SEOUL — Thousands of South Korean police officers stormed a sprawling church compound Wednesday in their hunt for a fugitive billionaire businessman over April’s ferry sinking that left more than 300 people dead or missing, officials said.
Authorities believe the businessman, Yoo Byung-eun, owns the ship and that his alleged corruption may have contributed to the sinking. Police and prosecutors have been after Yoo for weeks and are offering a $500,000 reward for tips about him.
Yoo, 73, is a member of a group called the Evangelical Baptist Church, which critics say is a cult.
About 5,000 police officers, some wearing helmets and armed with plastic shields, raided the group’s compound in Anseong, just south of Seoul, officers said on condition of anonymity, citing department policy.
Four church members were detained for allegedly providing shelter to Yoo or helping him flee, police said. Another church member was detained for allegedly trying to obstruct the raid.
It was not clear whether Yoo was at the compound at the time of the raid. Police said they were still trying to find and detain more church members for allegedly aiding Yoo.
Meanwhile, a French judge has refused a request to free Yoo’s daughter. The judge said Wednesday that Yoo Somena, who was detained May 27 in Paris and is facing extradition to South Korea, might flee France, where she has lived since the beginning of 2013. He noted that Yoo’s brother, who also lived in France, disappeared in April. The government has offered a $100,000 bounty for Yoo’s eldest son.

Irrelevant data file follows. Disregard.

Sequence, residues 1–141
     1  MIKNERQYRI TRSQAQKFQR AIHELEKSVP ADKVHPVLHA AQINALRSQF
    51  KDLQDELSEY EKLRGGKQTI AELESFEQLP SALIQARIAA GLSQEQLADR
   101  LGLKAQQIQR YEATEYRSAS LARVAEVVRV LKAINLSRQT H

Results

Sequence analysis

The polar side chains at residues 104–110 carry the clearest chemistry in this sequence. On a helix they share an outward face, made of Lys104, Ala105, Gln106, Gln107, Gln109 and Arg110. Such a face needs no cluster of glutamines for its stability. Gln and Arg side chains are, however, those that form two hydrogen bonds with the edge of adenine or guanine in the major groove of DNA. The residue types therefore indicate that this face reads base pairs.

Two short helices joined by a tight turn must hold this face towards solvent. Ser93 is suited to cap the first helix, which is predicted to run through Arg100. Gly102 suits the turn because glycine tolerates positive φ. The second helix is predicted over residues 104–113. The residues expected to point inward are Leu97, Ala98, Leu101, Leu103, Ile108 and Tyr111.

French police arrested Yoo, 47, on an international arrest warrant on suspicion of involvement in embezzling $8 million between 2004 and 2013.
The compound that was raided, the size of about 30 soccer fields, is considered the church’s headquarters and thousands of church members gather there for services on weekends. The area contains ranches, fields, a fish farm, and an auditorium that can house up to 5,000 people, according to media reports.
About 200 church members rallied against the raid, singing hymns, pumping their fists into the air, and chanting slogans. A large banner hanging near them said, ‘‘We’ll protect Yoo Byung-eun even if 100,000 church members are all arrested.’’ There were no reports of violence.
Yoo, head of the now-defunct predecessor of the ferry’s current operator, Chonghaejin, allegedly still controls the company through a complex web of holding companies in which his children and close associates are large shareholders.
The predecessor company went bankrupt in the late 1990s but Yoo’s family continued to operate ferry businesses under the names of other companies, including one that eventually became Chonghaejin.
The ferry sinking, one of South Korea’s deadliest disasters in decades, has caused an outpouring of national grief, and the country is undergoing national soul searching about public safety. Nearly two months after the sinking, 292 bodies have been recovered — mostly students from a high school near Seoul — and 12 people are still missing.
Yoo’s church made headlines in 1987 when 32 people, who critics suspect were church members, were found dead in the attic of a factory near Seoul in what authorities said was a collective murder-suicide pact.
The church has denied involvement.